The COVID-19 pandemic has upended the public markets, leading to a “disastrous” first quarter and “throwing a wrench” in what Renaissance Capital once expected to be the most productive IPO season of the year. But every cloud has a silver lining and experts agree that in this case, it’s the biotech industry.
“The biotech market is unique for a few factors, one of them being the long-term nature of investors who support these fields,” Jordan Saxe, head of healthcare listings at Nasdaq, told FierceBiotech. “They’re not focused on a quarter-to-quarter metric; they’re looking at an average milestone readout that is at least 12 months from the IPO.”
The drug development cycle is long, and companies need to continue raising capital to bankroll their pipelines. That includes tapping the public markets not just for IPO proceeds but for follow-on offerings to keep funding the next stage of development, Saxe said.
“It’s the lifecycle of how drugs get brought to market and it is irrespective of what’s happening in the market on a month-to-month basis,” he added.
That said, the virtue of being in biotech doesn’t mean a company will pull off an IPO during the pandemic. It will be easier for companies who are “pretty far along in the process,” and who have spent time meeting with investors to manage a virtual roadshow and a virtual IPO.
“I don’t think every biotech will have that opportunity,” Saxe said.
When FierceBiotech spoke with Saxe, the Nasdaq had seen 14 healthcare IPOs that raised a total of $3.3 billion. Two of those deals were biotech IPOs—Imara’s and Zentalis’—that priced after the pandemic hit. Since then, Keros Therapeutics raised $96 million in an upsized IPO.
“Most of these deals have had a strong crossover round—the investors they’re selling to are very familiar with the story. They understand it. It’s a small group of investors versus a large tech IPO, which may have a much broader distribution base,” Saxe said.
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If social distancing rules relax in the summer, Saxe expects the IPO window to open in late May, June or July, with another window to follow after Labor Day and a third window post-Thanksgiving.
“We have demand. And there is enough interest on the supply side, in terms of private biotechs looking to go public in the next 12 to 24 months,” he said. Even if half of them ditch their IPO plans because of poor data readouts, there will still be plenty of biotech IPOs in the pipeline.
“I think given the setup we have—enough companies to fill the supply side—and assuming the relaxing of social distancing rules come into place, we have inventory that can easily get us to 30-plus IPOs in the biotech and pharma world this year,” he said. “It’s the silver lining in this IPO market.”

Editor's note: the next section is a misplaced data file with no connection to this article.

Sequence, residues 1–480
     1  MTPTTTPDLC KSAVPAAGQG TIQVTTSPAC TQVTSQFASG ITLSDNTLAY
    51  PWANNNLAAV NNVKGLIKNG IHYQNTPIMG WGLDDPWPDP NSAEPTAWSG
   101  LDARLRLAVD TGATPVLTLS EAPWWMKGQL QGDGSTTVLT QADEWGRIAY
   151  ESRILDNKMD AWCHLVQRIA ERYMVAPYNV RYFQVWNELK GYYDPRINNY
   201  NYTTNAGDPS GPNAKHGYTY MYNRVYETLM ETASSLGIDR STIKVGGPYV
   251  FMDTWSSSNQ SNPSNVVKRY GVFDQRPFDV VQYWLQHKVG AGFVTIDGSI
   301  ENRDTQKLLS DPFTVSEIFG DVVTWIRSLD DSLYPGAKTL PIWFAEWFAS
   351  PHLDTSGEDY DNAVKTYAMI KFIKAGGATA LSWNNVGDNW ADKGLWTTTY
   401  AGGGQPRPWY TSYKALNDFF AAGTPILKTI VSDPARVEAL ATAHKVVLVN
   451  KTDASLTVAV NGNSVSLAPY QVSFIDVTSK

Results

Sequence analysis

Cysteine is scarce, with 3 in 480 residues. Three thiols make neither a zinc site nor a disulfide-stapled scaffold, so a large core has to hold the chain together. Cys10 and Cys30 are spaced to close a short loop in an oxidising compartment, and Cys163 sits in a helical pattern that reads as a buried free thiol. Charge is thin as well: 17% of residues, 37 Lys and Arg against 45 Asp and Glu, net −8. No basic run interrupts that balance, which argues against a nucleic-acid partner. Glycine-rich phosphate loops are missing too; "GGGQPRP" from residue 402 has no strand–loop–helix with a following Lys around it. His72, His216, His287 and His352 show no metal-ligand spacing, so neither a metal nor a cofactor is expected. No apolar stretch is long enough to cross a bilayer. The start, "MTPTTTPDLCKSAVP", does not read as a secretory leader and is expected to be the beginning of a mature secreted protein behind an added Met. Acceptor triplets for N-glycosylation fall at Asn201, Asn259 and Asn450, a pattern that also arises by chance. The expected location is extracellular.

When asked if the trend of biotech companies getting out would continue, Saxe cautioned that, at the time we spoke, there was “a data set of two.”
“It’s not the data set I’d like to have, but that being said, good companies with good crossover investors, good science and good management will always get out,” he said.
“When we look at the last two IPOs that went out in a really tough market, not only were they well-received, they traded very well,” he added.
Jon Norris, managing director at Silicon Valley Bank, pointed to Zentalis and Keros’ strong performances, as well as the ability of venture firms like Arch Venture Partners, Flagship Pioneering and Deerfield Management to raise new healthcare funds, as positive markers.
“Combining sustained public market appetite, good performances by crossover investors and traditional funds working with new or recently raised assets, we believe that the healthy run in biopharma will continue,” Norris wrote in SVB’s Biopharma Exit Outlook last Monday.
And what if social distancing measures drag on past summer?
“We may lose that May/June/July window,” Saxe said. It would depend on how many companies would be ready to go in the September/October window—assuming that window opens—and then how many others could list in the last, post-Thanksgiving window.
At the moment, companies seem optimistic.
“We are talking to companies still on file confidentially planning for IPOs later this year,” Saxe said. “Whether or not they go and execute the roadshow depends on market conditions and other factors, but I think the feedback we’re getting is positive. No one is withdrawing their filings. People want to have the option to go out. They need to raise money to complete trials and keep progressing their drug forward.”